Wednesday, May 4, 2011

Movie review: "The Long Green Line"

"The Long Green Line" is a 2008 documentary about veteran cross country coach Joe Newton and his boys team at York High School in Elmhurst, Illinois.

Online reviews mostly rave about this film but I have to offer a slightly dissenting view. Yes, it's an enjoyable feel-good story of hard-working young athletes and the respected elder coach who leads them. The runners and the coach are likable and it's fun to root for them. But something is missing.

In this movie, we are told that Joe Newton is a great high school cross country coach. Indeed, he is seeking his 25th Illinois state cross country title. But what we don't see is WHY he is a great coach. We never see him, for instance, working with an athlete on his running form, discussing training methods (long runs versus sprints, for instance) or even advising a boy on race strategy. All he seems to do is read an inspirational quote at the beginning of each practice, and then leave the actual coaching to his assistants.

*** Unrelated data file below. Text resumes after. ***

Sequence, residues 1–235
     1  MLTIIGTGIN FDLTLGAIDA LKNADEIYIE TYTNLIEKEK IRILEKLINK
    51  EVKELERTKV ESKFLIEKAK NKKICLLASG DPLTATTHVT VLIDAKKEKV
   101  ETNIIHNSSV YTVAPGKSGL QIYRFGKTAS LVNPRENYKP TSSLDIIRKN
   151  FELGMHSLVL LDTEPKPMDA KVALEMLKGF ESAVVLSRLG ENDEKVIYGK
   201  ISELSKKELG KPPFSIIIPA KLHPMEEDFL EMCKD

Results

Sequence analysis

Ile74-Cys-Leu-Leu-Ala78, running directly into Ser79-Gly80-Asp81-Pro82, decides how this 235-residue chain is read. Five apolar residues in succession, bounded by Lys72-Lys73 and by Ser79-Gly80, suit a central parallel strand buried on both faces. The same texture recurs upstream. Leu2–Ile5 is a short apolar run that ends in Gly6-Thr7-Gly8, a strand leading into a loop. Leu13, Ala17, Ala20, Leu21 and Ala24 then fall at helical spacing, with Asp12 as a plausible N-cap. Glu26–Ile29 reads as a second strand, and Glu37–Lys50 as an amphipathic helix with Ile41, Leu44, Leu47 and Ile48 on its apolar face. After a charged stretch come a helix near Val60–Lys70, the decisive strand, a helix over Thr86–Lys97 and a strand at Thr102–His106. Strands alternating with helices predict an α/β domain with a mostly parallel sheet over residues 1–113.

In fact, if I was to explain why Newton's teams are successful – based on what I saw in this documentary – I would say it's just a matter of sheer numbers. At the beginning of the season, Newton has his upperclassmen go around the school and recruit runners. They end up with something like 180 boys – a HUGE number for a cross country team (you only need seven!). When you start with that many runners some of them are bound to be good.

I suspect that those who know Joe Newton would say that I don't know the whole story – and that's exactly my point. The movie doesn't give us a complete picture. It assumes we will just accept that Joe Newton is a great coach without showing us how he does it.


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